Ecclesiastes 12:3-7 paints a depressing picture of the future, and old age with its physical ailments and frailties.

Solomon described the coming of a season when the days of a man would be darkened (12:2). Men who were once strong, would shake and “tremble” (12:3a), and become stooped with old age. The picture Solomon painted was of an old man whose teeth (“grinders”) had failed, and whose eyesight was dimmed (“windows be darkened”).

Continuing his depressing description of old age, Solomon described the loneliness of the elderly. Their lives become like a village whose doors are shut (none are coming or going), and streets are silent (12:4a). The “grinding is low” (perhaps the grinding or milling of grain), and if not for the “voice [or crowing] of the bird,” there would be no reason to awaken, for work has ceased (12:4b). Where there was once the exuberance of daughters, there is silence instead (12:4c).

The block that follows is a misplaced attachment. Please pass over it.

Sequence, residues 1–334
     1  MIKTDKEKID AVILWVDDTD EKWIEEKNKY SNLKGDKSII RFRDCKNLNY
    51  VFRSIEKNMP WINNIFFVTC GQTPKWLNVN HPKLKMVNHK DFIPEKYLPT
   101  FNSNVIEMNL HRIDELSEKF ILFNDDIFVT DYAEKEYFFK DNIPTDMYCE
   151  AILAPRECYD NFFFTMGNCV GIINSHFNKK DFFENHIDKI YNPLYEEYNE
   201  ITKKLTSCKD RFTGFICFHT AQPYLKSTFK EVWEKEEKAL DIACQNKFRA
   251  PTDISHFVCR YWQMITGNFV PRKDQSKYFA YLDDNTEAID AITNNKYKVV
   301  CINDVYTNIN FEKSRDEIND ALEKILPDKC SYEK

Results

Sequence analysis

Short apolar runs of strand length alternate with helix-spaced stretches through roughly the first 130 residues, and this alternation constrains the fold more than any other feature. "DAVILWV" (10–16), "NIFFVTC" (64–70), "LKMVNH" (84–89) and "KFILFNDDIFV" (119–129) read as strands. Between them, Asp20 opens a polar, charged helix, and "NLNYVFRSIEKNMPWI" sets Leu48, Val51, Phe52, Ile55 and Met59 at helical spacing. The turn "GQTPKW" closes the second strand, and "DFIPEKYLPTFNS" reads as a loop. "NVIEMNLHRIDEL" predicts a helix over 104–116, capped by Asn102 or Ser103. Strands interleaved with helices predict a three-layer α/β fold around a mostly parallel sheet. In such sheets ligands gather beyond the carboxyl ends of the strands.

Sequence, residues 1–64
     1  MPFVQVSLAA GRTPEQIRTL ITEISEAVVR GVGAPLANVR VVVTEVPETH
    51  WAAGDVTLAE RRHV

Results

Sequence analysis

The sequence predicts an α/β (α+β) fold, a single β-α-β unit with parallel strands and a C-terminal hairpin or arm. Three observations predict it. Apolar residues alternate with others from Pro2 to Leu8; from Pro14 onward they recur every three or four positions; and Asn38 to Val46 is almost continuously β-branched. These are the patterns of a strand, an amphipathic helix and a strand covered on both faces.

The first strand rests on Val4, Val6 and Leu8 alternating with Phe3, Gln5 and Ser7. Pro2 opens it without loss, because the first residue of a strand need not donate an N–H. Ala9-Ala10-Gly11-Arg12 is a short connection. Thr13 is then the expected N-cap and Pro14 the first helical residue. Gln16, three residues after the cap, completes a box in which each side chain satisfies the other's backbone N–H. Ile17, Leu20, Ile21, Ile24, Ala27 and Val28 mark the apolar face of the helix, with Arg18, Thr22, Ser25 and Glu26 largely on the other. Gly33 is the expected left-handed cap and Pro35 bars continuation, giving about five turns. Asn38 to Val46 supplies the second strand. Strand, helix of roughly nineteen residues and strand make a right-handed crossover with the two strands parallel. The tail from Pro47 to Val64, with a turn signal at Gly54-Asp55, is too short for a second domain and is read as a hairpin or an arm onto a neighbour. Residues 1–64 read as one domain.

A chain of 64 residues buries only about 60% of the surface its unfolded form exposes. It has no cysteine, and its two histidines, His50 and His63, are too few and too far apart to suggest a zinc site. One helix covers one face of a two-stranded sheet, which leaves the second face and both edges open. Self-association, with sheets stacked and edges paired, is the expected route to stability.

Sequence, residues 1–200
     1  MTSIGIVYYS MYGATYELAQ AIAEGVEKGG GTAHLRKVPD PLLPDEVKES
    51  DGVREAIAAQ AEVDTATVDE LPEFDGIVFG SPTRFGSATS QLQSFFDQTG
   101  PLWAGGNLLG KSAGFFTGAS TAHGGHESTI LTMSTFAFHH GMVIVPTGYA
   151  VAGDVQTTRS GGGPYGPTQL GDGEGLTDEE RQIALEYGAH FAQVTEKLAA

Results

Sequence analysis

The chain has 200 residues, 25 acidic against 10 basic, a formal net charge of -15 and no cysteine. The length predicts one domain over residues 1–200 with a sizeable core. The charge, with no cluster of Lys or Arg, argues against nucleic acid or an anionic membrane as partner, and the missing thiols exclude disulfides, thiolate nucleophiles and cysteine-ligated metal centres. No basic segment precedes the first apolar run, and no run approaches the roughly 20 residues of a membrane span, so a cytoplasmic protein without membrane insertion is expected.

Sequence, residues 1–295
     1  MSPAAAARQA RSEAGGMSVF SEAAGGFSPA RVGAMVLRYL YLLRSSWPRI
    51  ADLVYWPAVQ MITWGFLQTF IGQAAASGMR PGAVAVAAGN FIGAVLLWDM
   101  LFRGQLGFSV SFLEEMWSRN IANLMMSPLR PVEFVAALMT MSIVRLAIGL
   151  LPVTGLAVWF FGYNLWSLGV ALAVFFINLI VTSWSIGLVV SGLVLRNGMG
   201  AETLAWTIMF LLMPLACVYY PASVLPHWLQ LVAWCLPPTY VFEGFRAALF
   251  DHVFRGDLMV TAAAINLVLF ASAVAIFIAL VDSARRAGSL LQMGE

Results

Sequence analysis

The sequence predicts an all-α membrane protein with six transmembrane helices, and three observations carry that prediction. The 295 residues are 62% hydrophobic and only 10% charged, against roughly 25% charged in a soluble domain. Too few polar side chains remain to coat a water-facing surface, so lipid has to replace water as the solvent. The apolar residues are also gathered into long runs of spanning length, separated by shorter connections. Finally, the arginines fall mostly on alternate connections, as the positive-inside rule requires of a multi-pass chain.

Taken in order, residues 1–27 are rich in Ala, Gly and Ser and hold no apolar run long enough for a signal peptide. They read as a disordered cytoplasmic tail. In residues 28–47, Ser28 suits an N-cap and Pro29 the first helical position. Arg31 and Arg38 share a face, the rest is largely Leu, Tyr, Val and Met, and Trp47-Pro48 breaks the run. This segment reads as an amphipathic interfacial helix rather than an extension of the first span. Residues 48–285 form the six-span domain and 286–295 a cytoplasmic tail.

Fear takes hold of an old man apart from the LORD (12:5a). His “desire [appetite]” fails (12:5c), and mourners gather in expectation of his death, for he “goeth to his long [future] home” (12:5d). Bible scholars suggest Ecclesiastes 12:6 describes the physical decline of the elderly, the failure of their circulatory system, and the imminence of death. Solomon wrote, the “wheel is broken at the cistern” (and is no more), the lifeless body returns to “dust,” and the “spirit [of the man] shall return unto God who gave it” (12:7; Genesis 3:17-19).

The physical body of man goes to the grave until the resurrection of the dead, but the spirit of man is eternal. The spirit of lost sinners will be judged, and condemned to everlasting punishment (2 Thessalonians 1:9; Revelation 20:11-15). The spirit of the saved shall dwell in the presence of the LORD forever (2 Corinthians 5:8; Philippians 3:20-21). It is true, that apart from God, life is a vapor, and “all is vanity” (James 4:14; 12:8).